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Barb - I have a couple of ideas for you about the unwanted purchases:

1) ask your TV program provider how to block the shopping channels on your system. When your husband asks you about it, play dumb. Say, there must be something temporarily wrong with the cable and that you'll check it out. Of course, there's nothing to check out but you can pretend and eventually he'll just forget about it. He must be pretty advanced in his forgetfulness to forget the package is he orders.

2) if that fails, give him a credit card that doesn't work. When he tries to order, they will not accept it as payment. He doesn't sound like you would be able to figure out those things himself so he would like to come to you to "fix" the problem. You say you will look right into it, but of course you don't, and you delay and distract with other things until he forgets about it that time.

Returning are refusing packages is not going to reverse the shipping charges which will ultimately cost you a lot of money in the long run. Better to solve this problem by beginning to use "theraputic lying" (you can google this) as a tool in your arsenal to make your daily living easier.
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Thanks everyone for your answers. Dad was diagnosed 4 years ago so the sundowning is nothing new. It has just gotten worse and more frequent over the past 6 months or so. He has been on Seroquel for at least a year and a half at 50mg in the morning and 50mg at bedtime. At one point earlier this year we raised the night time dosage to 2 pills but that seemed to make him worse so we stopped. The Seroquel dosage he's currently on has seemed to work less and less over the past year, though. Several months ago we tried Zyprexa, replacing the night time Seroquel with that in a small dosage. He became a zombie, wet the bed, didn't know what was going on, etc. We stopped it after 4 days but it affected him for another week after that.

moonbeam -- My Dad also has problems re: his house as your Mom does. He sometimes thinks he's in a motel and wants to know when he'll be going home; he continually asks about their former house, sold about 16 years ago, and is concerned as to whether the insurance and taxes are being paid, etc. This type of thing seems to be a recurring one in Alzheimer's patients.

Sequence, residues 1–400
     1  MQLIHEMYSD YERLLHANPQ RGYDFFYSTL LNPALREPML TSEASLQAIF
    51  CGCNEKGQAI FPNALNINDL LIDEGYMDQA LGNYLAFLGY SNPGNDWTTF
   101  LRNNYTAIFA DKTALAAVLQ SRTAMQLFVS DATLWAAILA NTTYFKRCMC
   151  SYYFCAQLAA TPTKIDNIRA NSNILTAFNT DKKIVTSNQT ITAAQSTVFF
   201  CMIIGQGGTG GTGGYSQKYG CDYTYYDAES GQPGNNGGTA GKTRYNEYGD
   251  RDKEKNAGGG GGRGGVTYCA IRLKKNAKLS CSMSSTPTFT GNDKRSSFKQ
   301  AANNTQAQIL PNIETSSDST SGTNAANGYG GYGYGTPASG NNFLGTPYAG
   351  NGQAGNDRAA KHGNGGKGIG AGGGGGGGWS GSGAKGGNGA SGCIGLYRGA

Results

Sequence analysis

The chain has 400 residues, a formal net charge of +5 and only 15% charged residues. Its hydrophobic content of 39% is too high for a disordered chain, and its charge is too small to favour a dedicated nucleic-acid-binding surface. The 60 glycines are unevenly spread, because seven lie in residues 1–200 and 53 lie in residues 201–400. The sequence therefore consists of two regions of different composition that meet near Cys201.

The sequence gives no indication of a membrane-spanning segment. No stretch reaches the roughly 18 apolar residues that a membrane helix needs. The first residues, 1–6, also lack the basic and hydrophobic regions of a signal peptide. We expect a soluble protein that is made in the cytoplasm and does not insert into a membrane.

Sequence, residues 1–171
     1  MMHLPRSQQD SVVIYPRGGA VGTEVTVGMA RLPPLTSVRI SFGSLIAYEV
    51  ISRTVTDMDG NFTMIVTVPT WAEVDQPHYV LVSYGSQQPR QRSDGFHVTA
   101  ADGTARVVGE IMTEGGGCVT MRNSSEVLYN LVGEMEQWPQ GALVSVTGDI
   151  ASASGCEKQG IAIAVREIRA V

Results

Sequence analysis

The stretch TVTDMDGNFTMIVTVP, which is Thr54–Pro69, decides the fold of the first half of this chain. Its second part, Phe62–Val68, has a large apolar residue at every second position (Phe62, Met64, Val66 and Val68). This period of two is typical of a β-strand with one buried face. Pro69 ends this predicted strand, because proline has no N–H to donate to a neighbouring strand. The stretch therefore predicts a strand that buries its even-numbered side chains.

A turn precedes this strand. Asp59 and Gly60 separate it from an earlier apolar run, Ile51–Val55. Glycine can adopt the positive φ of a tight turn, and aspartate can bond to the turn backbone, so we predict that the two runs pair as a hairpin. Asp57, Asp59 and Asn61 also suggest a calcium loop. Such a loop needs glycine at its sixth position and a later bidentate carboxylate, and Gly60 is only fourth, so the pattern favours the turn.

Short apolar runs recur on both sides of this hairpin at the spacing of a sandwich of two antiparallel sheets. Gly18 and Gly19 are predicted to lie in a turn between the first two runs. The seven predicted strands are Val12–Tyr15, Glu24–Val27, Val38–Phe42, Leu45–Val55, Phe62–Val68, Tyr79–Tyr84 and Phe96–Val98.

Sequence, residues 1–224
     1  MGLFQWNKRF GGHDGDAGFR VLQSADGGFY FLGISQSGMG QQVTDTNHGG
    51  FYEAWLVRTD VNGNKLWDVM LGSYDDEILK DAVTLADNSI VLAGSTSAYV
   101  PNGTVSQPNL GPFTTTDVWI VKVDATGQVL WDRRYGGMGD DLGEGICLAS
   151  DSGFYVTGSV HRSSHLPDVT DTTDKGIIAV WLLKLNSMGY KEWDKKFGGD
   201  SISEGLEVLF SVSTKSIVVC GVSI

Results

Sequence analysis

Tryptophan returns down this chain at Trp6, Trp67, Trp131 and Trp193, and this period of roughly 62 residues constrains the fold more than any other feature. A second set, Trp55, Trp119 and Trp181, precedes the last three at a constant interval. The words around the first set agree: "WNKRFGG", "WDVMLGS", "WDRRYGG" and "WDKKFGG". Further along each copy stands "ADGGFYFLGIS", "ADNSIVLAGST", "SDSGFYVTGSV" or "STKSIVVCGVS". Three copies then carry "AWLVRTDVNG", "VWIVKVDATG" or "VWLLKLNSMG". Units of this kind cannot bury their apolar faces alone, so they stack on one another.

gladimhere -- I totally agree with your comments and we will be speaking with his doctor regarding meds next week. Dad doesn't have an appointment until the end of November, but I called and made an appointment for my Mom and I to talk to the doctor. Its really hard to discuss meds and many of the other things that go with the disease when Dad is sitting there listening and still understanding a lot of it. Even mentioning a med can get him going. It's amazing what he can comprehend without seeming to have the ability to do so anymore! At his last visit with the doctor (neuro) in July we spoke about the sundowning and night time activities. That's when we were prescribed the Zyprexa. His doctor doesn't really want to over-prescribe meds; he doesn't want Dad to be so drugged up that he doesn't know what's going on and sleeps all the time. Mom and I don't want that either. But as you said, the sundowning and constant agitation is very uncomfortable and scary for the patient as well as his caregivers. And the alternative is a care facility. We don't want that, at least until it becomes absolutely necessary. Mom wants Dad to be at home until he passes if possible. So we'll be discussing meds, changes in meds, etc. with the doctor to see if we can make some changes that might work. The doctor has never mentioned giving him the Seroquel at the time your Mom takes it in the late afternoon, and that's one of the things I already have written down to talk to him about. I would think that if that time of day is the worse, heading into the evening, that he could start taking it at that time and perhaps we could try increasing it again. I also want to ask whether we might crush or break up the Zyprexa and give him a minute amount. The entire pill totally knocked him out for the entire night. Perhaps just a small dose in the late afternoon might be possible.